Toronto, Canada – By Mark Lamport-Stokes
KAPALUA, Hawaii (Reuters) - U.S. Open champion Lucas Glover maintained his composure to fend off a charging Geoff Ogilvy and cling on to a slender one-shot lead after Saturday's third round of the SBS Championship.
Seeking the third PGA Tour victory of his career in the opening event of the 2010 season, Glover birdied three of the last five holes for a two-under-par 71 and a 17-under total of 202.
"I'm obviously very happy to finish with three birdies," Glover told reporters after holding the tournament lead for the third day in a row. "It was a rough start, mainly with the putter.
"My speed was bad all day. Luckily it's something I can work on. We will get it worked out tonight and in the morning and be ready to roll.
Defending champion Ogilvy had to settle for second place after firing a six-birdie 68 with Britain's Martin Laird a further stroke behind at 15 under after carding a 69.
American Ryan Moore (68) was alone in fourth at 14 under while British Open champion Stewart Cink (69) and Masters winner Angel Cabrera of Argentina (70) were among a group of six players bunched at 13 under.
The surprisingly calm weather of the first two days at the picturesque Kapalua Resort was replaced by gusting Kona winds early on and Glover struggled with his putter over the front nine.
Although a bogey by his playing partner John Rollins at the par-four first gave Glover a brief four-shot cushion, he three-putted the seventh and eighth to slide back into a tie for the lead with Ogilvy.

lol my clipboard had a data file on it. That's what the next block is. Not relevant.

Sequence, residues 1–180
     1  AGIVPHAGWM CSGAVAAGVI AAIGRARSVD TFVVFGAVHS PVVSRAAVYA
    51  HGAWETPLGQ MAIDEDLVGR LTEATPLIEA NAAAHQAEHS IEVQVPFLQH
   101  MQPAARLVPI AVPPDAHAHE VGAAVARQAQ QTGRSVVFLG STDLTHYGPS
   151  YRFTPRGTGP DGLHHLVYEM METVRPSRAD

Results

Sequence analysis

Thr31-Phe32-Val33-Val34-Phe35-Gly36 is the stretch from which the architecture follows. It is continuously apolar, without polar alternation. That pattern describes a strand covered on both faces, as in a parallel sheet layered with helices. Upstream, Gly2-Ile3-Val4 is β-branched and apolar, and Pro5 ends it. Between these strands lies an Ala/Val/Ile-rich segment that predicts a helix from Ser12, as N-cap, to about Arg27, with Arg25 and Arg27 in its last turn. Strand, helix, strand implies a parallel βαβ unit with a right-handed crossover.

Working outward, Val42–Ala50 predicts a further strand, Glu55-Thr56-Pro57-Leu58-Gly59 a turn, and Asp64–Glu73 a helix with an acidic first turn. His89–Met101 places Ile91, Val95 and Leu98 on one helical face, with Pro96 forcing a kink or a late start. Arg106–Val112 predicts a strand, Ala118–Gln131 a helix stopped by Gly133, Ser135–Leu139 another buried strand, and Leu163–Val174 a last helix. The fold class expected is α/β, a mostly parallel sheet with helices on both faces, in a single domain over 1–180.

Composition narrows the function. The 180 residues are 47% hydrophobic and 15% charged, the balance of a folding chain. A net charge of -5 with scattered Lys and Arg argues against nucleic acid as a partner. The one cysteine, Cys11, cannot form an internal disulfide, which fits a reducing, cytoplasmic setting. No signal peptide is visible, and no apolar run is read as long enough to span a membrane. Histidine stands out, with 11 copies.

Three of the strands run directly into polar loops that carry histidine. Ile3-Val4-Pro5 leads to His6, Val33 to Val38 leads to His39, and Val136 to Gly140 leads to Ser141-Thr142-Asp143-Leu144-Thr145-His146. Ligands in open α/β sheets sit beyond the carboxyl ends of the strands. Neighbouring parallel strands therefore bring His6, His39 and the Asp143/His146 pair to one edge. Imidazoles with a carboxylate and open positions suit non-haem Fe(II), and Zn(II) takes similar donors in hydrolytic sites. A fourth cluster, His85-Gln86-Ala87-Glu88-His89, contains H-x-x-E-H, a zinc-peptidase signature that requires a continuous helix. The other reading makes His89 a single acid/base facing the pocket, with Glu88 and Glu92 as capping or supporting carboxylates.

The slender Australian, who romped to victory by six shots at Kapalua last year, covered the front nine in a flawless three under and snatched a two-stroke advantage with further birdies at the 12th and 14th.
Glover, who had birdied the par-five ninth to reach the turn in one over, coolly knocked in six-foot putts at the 14th and 16th to again draw level with Ogilvy.
While the Australian offset a bogey on 16 with his sixth birdie of the day at the par-five last, Glover regained control of the tournament as the wind shifted late in the day with a two-putt birdie on the 18th green.
However, nine players will go into Sunday's final round within four shots of the lead and a last-day shootout could well be on the cards.
"There are still 10 guys who think they can win the tournament, at least," said Ogilvy, who is bidding to earn Australia its fifth champion at Kapalua in the last seven years.
"I don't think I have time to feel too much pressure. I know I'm going to have to shoot six or seven under. When you stand on the first tee with that mindset, it's probably a little easier.
(Editing by John O'Brien)